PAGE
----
Copyright 2011 ABC News Radio


First Pictures of Giffords Since Shooting, Walking on Her Own

Tom Williams/Roll Call/Getty Images (file)(HOUSTON) -- A fragile but determined Rep. Gabrielle Giffords walked one careful step at a time Wednesday up the steps of a plane that will take her Florida to watch her husband blast off on the final mission of the space shuttle Endeavor.

The gritty walk by Giffords, who was wearing a padded medical helmet, was her first public steps since being shot in the head at a public event in January. The Arizona congresswoman left TIRR Memorial Hermann Hospital and boarded a waiting NASA plane at Ellington Airport in Houston.

Giffords was spotted leaving the hospital in a wheelchair and with her face covered before being driven to the airport. At the airport, she walked under her own power and without assistance from the car to the plane stairway and slowly up the steps.

Giffords' staff has tried to keep her out of view from the public, and said she would not be making any public appearances during the Endeavor's launch. Giffords will be joined on Friday by Kelly's three daughters, President Obama and the first lady at Cape Canaveral to watch the launch.

Giffords' husband navy pilot and astronaut Mark Kelly arrived at Florida's Kennedy Space Center on Tuesday.

On Monday, Giffords' staff said the congresswoman had just started learning details of the shooting that injured 13 people and killed 6, including federal judge and a nine-year-old girl.

Kelly's mission, STS 134, is the second to last space shuttle flight for NASA, and will deliver the Alpha Magnetic Spectrometer to the space station. AMS will detect particles to prove or disprove the Big Bang Theory of the formation of the universe. Kelly and five other astronauts on this mission are in quarantine now, standard practice before any space shuttle launch to keep the crew healthy for their mission.

Copyright 2011 ABC News Radio


Gabrielle Giffords Begins to Learn Details of Deadly January Day

DON EMMERT/AFP/Getty Images (file)(HOUSTON) -- Arizona Rep. Gabrielle Giffords has reportedly started to learn the details of the deadly shooting in January that left her among the 13 injured victims. Giffords has reacted by saying "so many people" and "no, no, no," according to the Arizona Republic, but is still unaware that staffer Gabe Zimmerman, federal Judge John Roll and Christina-Taylor Green, 9, died in the shooting, along with three others.

Giffords has been undergoing rehabilitation for a gunshot wound to her head at TIRR Memorial Hermann Hospital in Houston. Doctors said the Democratic congresswoman from Tucson can stand on her own and is trying to improve her walking, the Arizona Republic said.

"Her left side is perfect. She can do whatever you can do," Pia Carusone, her chief of staff, told the newspaper.

Giffords' hair is short, a thin scar on her forehead is healing and fading, and her face is swollen but otherwise the same as before, Carusone said. Giffords still struggles with words and speaks in mostly phrases such as "love you," "awesome" and "I miss Tucson," the Arizona Republic reported Sunday.

Meanwhile, she is scheduled to visit Kennedy Space Center in Cape Canaveral, Fla., Friday to watch her husband, astronaut Mark Kelly, lift off, her Houston medical team said Monday. Kelly will command the last mission of the space shuttle Endeavour.

Giffords, 40, is scheduled to leave the hospital Wednesday and be in a secluded viewing area for Friday's launch. Giffords will have company with her, including her family, her husband's family, her staff and President Obama, with the first lady and their daughters. This will not be a public appearance for Giffords, her staffers say, although they might release a photo after the launch.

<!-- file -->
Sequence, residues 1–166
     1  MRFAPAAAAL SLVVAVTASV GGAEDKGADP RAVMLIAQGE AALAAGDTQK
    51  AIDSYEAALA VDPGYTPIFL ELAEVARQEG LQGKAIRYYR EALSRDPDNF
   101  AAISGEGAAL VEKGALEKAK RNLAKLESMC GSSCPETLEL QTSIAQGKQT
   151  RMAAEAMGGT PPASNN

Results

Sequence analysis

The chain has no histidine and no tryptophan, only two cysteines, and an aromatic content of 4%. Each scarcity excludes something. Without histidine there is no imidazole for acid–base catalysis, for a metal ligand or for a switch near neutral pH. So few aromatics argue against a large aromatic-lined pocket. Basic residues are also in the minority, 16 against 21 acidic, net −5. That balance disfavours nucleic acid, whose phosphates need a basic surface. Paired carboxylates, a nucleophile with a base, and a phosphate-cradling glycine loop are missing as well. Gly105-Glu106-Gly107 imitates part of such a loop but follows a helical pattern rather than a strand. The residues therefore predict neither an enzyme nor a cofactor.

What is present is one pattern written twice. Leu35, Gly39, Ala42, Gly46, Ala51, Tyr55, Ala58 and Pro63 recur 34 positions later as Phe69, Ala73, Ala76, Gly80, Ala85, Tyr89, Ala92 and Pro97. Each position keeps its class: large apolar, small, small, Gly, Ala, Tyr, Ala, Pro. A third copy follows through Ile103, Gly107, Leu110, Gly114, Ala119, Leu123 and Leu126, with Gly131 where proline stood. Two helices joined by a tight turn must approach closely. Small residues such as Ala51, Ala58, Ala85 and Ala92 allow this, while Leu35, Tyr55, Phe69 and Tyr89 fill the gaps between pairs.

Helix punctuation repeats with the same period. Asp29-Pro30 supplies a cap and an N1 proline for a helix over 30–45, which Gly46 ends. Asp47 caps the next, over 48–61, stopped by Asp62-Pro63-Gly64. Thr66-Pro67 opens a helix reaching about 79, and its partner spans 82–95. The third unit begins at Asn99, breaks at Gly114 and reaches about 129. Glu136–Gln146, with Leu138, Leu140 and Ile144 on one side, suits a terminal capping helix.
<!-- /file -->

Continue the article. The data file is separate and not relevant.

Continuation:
Kelly's mission, STS 134, is the second to last space shuttle flight for NASA, and will deliver the Alpha Magnetic Spectrometer to the space station. AMS will detect particles to prove or disprove the Big Bang Theory of the formation of the universe.

Copyright 2011 ABC News Radio


Scheduling Conflict Pushes Shuttle Launch to Royal Wedding Date

BRUCE WEAVER/AFP/Getty Images(HOUSTON) -- Astronaut Mark Kelly and his wife, Rep. Gabrielle Giffords, have never met Prince William and his bride, Kate Middleton, but they may well meet in the headlines on April 29. A delay by NASA means the launch of the space shuttle Endeavour, commanded by Capt. Kelly, is now scheduled for the same day as the royal wedding.

NASA realized over the weekend that it faced a traffic jam, even in the void of space 200 miles above the Earth's surface. The shuttle launch -- already pushed back from February -- had been set for April 19, but NASA managers decided after a Sunday meeting not to try.

On April 27, the Russians are scheduled to launch a Progress supply ship to the space station, and on Sunday they told their American counterparts they could not delay it. Some of its cargo is perishable.

If Endeavour had tried to launch on the 19th, and delayed just a few days, it might still have been docked to the station when the Russian Progress ship arrived. NASA has rules about having a remote-controlled cargo ship dock with the station while a space shuttle is also there, so rather than press their luck, they decided to wait 10 days.

For anyone following both events, there will be breathing room between them. The wedding ceremony begins at 11 a.m. London time (6 a.m. in Florida), and the launch is scheduled for 3:47 p.m. EDT (8:47 p.m. London time).

Of course, the shuttle launch is getting extra attention because Kelly almost had to give up his chance to fly because of the injuries to his wife, Rep. Gabrielle Giffords, who suffered a brain injury in the January shooting in Tucson, Arizona. Kelly decided, after several weeks of uncertainty, that she was recovering well enough that he could command the mission.

Copyright 2011 ABC News Radio